Strategic Focus. Over the past 17 years of teaching the Organizational Culture class at GSBC, I have always asked how many of the students know their bank’s mission, vision, and values. I am no longer surprised to learn that the vast majority of the class does not know them, nor in many cases have they even seen these important documents. If one questions the importance of these documents as well as leadership’s responsibility to model these, look no further than the collapse of values at one of our largest national banking institutions and the continued fall-out they are experiencing. It is critical to consistently review these documents to ensure they correctly represent who you are (mission), what you want to achieve in the future (vision), and how you will go about accomplishing your mission and vision (values). This is especially important for our younger generations, as they are very keen to look for companies that align with their vision and values. Attention to the mission, vision, and values is essential in not only keeping employees engaged, but in attracting new talent.


Communication. The Gallup report indicates that approximately 13 percent of employees strongly agree that the leadership of their organization communicates effectively. That means that 87 percent of the leaders today are not communicating well. Following up on that thought, have you ever had an employee come up to you and say, ‘You know, I appreciate all of this communication, explanation, email, etc., but quite frankly, I receive too much communication from the management team?’ Leadership’s transparency in communicating and modeling the organization’s strategic focus is critical in promoting employee engagement, as well as removing the hidden agendas that develop with lack of communication. By the way, no, your employees can’t read your mind either. If they could read minds, they would not be working there. Communication needs to be frequent and transparent at all levels of the organization.


Talent Management. Strong talent management to include management succession and employee growth is critical in not only ensuring that the bank is prepared for the future, but also to add value to the bottom line. Often times, I find that many think management succession is for the president or other key officers. That is true, but it does not stop there, as it includes the development of talent in all key positions within the bank. Not only is it good to be prepared for future events, but also having multiple people prepared throughout the bank adds to improved efficiency and effectiveness.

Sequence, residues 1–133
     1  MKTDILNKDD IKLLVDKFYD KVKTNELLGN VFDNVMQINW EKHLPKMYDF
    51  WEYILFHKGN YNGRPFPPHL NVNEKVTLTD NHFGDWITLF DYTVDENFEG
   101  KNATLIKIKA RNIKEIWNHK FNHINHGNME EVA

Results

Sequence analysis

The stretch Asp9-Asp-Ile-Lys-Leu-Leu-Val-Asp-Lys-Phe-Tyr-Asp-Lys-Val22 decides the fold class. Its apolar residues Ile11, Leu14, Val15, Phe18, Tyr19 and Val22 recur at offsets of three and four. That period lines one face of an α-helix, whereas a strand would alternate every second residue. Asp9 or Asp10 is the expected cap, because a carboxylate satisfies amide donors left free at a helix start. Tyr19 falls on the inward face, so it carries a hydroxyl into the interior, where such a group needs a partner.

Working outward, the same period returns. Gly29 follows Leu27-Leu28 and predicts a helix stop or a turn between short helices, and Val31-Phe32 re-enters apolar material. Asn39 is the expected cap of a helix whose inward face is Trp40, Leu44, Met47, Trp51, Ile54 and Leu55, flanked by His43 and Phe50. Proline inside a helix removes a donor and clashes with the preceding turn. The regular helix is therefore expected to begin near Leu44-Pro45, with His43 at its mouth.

Executive Coaching. Executive coaching is an excellent way to provide one-on-one leadership development. Often, many leaders have a mindset that if they have an executive coach it must mean something is wrong or broken. It’s just the contrary—an executive coach can help leaders to understand how to maximize their strengths and develop in the areas of social and emotional intelligence that need strengthened. Again, strong leadership is what creates the ability to influence others to move and engage in the direction you desire.


Leadership Development Training. Banks should consider investing in on-site leadership training to include: effective communication, team building, decision-making, accountability and performance management to mention a few. These types of courses taken over a period of time go a long way to build team trust as well as improve the effectiveness and efficiency at which the leadership team operates. The value of intact team development is that they grow together and learn to be vulnerable with each other. By the way, the ability for teams and leaders to be vulnerable is the first key step in creating trust. The ability for one to admit that he or she might not have all of the answers can be humbling.

 

In summary, when we look at the current availability of talent in today’s workforce coupled with the issues raised regarding engagement, communication and performance management, isn’t it time to start looking inside our leadership teams and making a commitment to creating a strategy for adding value through leadership and our people? These are just a few of the areas you can address as you look internally to add value through leadership. I can tell you from personal experience that banks that do not place a priority on leadership and internal development suffer and do not perform to their fullest. 
How long can you afford to take the risk and not address these growing concerns?